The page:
We all love the idea of a tropical wilderness—the foliage and sunshine-y flowers all in one place together. After all, when we go on holiday, we tend to take a lot of photos of local flora, don’t we? There’s something downright magical about being surrounded by so much color and fragrance. The good news is that you don’t have to wait until your next vacation to enjoy beautiful, tropical blooms. With the help of this essential guide on how to care for the heavenly hibiscus plant, you too can bring a touch of the exotic into your life.
There is always a bit of confusion over which variety of hibiscus plant to purchase, and rightly so. The much-loved hibiscus is part of the spectacular mallow family, or Malvaceae in its true Latin name. Within this family there are well over two hundred species. These range from annuals and perennials to shrubs and trees.
Since there is such a great amount of choice out there, it can be difficult to know which varieties are suitable for growing as house plants, which are suitable for planting out in the garden. I hope this guide will set a few minds at rest, and give you all the information needed to make the correct choice for either your home or garden.
All hibiscus varieties have bright, colourful, showy, trumpet-shaped blooms, and a prolonged flowering period—which is why we love them. These gems are perfect for both container and garden planting, and although some varieties are considered to be fully hardy against frost, they perform best in a sunny, warm and sheltered position.
Read on to learn how to grow and get the best from your hibiscus, by following the easy steps listed below.
Choosing Your Hibiscus Plant
There are many varieties to choose from, but the main distinction is that some are frost hardy and some are not. Frost-hardy hibiscus are suitable for planting out in the garden. These are in the form of woody shrubs with long stems. They have typically ovate, toothed, bright green leaves arranged alternatively on their stems, and large, pretty, trumpet-shaped flowers. These can grow to around three metres in height.
Frost-hardy hibiscus are suitable for USDA hardiness zones 5 through 8, though hardiness depends on the individual species. By contrast, the non-hardy types will only thrive outdoors in growing zones 9-11. These will die if exposed to frost, so they need to be taken indoors in autumn.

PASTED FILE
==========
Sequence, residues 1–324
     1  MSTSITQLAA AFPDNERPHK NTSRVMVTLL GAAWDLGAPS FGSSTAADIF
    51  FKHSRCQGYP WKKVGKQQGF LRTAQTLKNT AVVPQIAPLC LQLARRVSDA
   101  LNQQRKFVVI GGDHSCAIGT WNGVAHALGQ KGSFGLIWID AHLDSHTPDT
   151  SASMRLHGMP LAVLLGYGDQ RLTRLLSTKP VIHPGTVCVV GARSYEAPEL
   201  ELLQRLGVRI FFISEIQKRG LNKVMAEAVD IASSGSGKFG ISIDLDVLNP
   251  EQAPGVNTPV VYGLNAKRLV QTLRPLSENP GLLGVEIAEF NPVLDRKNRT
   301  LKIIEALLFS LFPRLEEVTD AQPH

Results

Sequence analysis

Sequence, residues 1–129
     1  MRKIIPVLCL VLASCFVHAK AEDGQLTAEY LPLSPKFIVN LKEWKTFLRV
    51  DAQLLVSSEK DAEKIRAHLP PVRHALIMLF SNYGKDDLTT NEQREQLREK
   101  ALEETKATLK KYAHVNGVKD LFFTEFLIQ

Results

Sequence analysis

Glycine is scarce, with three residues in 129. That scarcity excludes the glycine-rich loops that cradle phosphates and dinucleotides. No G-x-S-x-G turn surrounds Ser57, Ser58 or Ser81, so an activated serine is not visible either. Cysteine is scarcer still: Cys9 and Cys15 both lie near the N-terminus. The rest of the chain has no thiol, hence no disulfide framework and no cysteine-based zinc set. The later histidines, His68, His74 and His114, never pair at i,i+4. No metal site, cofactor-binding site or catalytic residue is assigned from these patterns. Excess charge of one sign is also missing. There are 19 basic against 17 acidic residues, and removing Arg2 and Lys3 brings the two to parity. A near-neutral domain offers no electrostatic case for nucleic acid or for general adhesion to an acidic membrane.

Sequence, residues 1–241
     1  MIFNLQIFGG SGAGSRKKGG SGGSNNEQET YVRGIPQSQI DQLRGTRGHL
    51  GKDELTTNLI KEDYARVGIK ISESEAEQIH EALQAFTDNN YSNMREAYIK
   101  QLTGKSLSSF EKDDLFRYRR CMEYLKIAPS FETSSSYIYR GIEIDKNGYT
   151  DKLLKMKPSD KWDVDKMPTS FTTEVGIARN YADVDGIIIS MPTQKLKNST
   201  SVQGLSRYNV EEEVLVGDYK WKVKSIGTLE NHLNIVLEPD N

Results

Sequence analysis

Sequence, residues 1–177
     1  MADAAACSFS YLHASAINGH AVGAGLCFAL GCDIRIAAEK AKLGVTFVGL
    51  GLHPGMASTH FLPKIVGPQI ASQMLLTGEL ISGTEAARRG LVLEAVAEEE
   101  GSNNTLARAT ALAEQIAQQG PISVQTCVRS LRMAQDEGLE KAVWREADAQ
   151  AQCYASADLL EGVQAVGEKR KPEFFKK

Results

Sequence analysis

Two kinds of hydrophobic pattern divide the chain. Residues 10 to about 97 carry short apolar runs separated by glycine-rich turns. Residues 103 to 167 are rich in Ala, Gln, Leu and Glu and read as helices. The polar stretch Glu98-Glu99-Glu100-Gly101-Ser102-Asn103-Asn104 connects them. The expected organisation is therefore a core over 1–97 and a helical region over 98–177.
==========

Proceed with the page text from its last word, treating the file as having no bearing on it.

For my personal hardy hibiscus favorites, let’s start with Hibiscus syriacus ‘Red Heart’. This is a deciduous beauty that produces large, white blooms with striking red centers (hence its name).
The Hibiscus syriacus ‘Blue Bird’ variety is another deciduous form similar to ‘Red Heart’, but with impressive, deep lilac-blue flowers.
A stunning pure white variety is ‘White Chiffon’, which has large, almost double white flowers which can grow up to 10 centimetres in width.
Its sister, ‘Blue Chiffon’, is just as stunning though, with semi-double pale blue flowers, laced with purple-red hearts.
The tropical hibiscus species originate in China and other far Eastern countries. When found in their native tropic and sub-tropic environments, they can be seen in the form of full-grown trees. These hibiscus varieties are grown as tender house plants, and are likely to reach a height of about two metres when fully grown.
Their large, trumpet-shaped blooms vary in color from yellow to orange, fuchsia, to purple. Some varieties are multicolored, and others have a variegation on the leaves, giving the foliage a marbled effect.
Due to their native natural habitat, they require tropical growing conditions such as warmth, sunshine, and plenty of light. If you’re aiming for a hibiscus that can be grown indoors, then the evergreen Hibiscus rosa-sinensis ‘The President’ is a super choice. It bears large magenta pink flowers with pretty, pollen-producing central yellow anthers.
Another favourite in this category is the Hibiscus rosa-sinensis ‘Best Friend’. Its large, orange-red blooms have a yellow margin and white heart, which look totally tropical. The Hibiscus rosa-sinensis ‘High Heaven’ is my final favourite, consisting of double white flowers laced with a deep pink heart, and long yellow anthers.
All Hibiscus plants like well-drained, humus-rich soil or compost. This can be achieved by adding aggregate or vermiculite to your soil (or compost), to aid drainage. You should also add a good feed of acidic fertilizer (such as a rose feed), leaf mould, or even coffee grounds. These will aid root growth whilst promoting flower and foliage production